- Top yielding variety was Oasis. Ida (98 and 91%) was a little lower yielding than Oasis
- Overall Boogie (100/103%), Ida (100/102%) and Dancer (102/97%) were the higher yielding varieties over the 2 years
- Late maturing Kimberly, yielded (80 and 85%) better in 2020, when compared to Oasis
- Many other varieties showed similar yield rankings in 2020 to 2019 when compared to Oasis
- As in 2019 Artemia and Selune gave a very low pea:vine ratio (8% and 10% respectively) compared to Oasis (23%)
- Avola and Boogie gave produce with very large size grade peas. Artemia and Selune gave much smaller produce, Artemia small-very small size grade and Selune very small-small size grade
- Many varieties showed no blond peas in the defrosted samples. Oasis showed the most
- Brix levels were generally higher than in 2019. As in 2019 Artemia gave the highest Brix score (16.2%)
- The only variety to have lodged significantly was Oasis with a rating of 2
- Dancer, Ebba and Idalgo had the better downy mildew resistance, showing moderate field resistance
Establishment difficulties led to some missing data for some varieties.
Bean seed fly
Bean seed flies (Delia platura and Delia florilega) are small flies which are closely related to the cabbage root fly and onion fly. The larvae feed on a wide range of crops, affecting more than 40 different host plants, which they usually attack during germination, reducing emergence and therefore causing serious economic losses. Host plants include bean, onion, cucurbits, spinach, brassicas, radish, beet, asparagus, sweetcorn, cereals and clover. They can occur as secondary pests and have a wide geographic distribution.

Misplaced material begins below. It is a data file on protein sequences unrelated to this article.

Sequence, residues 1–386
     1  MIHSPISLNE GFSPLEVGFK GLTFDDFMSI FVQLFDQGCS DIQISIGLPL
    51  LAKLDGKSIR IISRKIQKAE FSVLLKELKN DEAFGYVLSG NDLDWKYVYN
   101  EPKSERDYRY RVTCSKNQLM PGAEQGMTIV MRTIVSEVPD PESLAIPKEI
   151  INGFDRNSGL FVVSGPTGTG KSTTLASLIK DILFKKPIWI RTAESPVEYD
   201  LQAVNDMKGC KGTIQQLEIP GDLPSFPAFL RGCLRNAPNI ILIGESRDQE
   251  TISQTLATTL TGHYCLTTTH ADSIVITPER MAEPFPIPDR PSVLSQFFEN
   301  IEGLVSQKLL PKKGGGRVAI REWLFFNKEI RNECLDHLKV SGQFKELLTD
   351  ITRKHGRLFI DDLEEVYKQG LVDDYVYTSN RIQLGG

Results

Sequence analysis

Furthermore, due to the loss of plant protection products, bean seed fly is becoming increasingly difficult for growers to control. It was for this reason that growers decided to prioritise bean seed fly for Strategic Centre grower led activities.
A survey of pea crops carried out in 2019 by PGRO, Swaythorpe Growers and Stemgold Peas indicated that the period between spring cultivation and drilling peas was an important factor affecting damage to plants by bean seed fly larvae, with a period of around 14 days leading to reduced damage levels compared to cultivations taking place at the same time as drilling. This finding is supported by literature that cites conservation tillage and reduced cultivations to help manage damage to crops by bean seed fly larvae.
This trial aimed to determine whether cultivation timing may be used as a cultural method to help manage damage to crops by bean seed fly larvae, and the minimum period between cultivation and drilling to lead to optimum reduction of damage.
Take home message:
A period of at least seven days between cultivation and drilling vining peas helped reduce damage to vining peas from bean seed fly larvae. At earlier crop growth stages, damage was reduced from 19.87% to 1.06% by leaving a period of 21 days, saving approximately £350 per hectare in potential losses.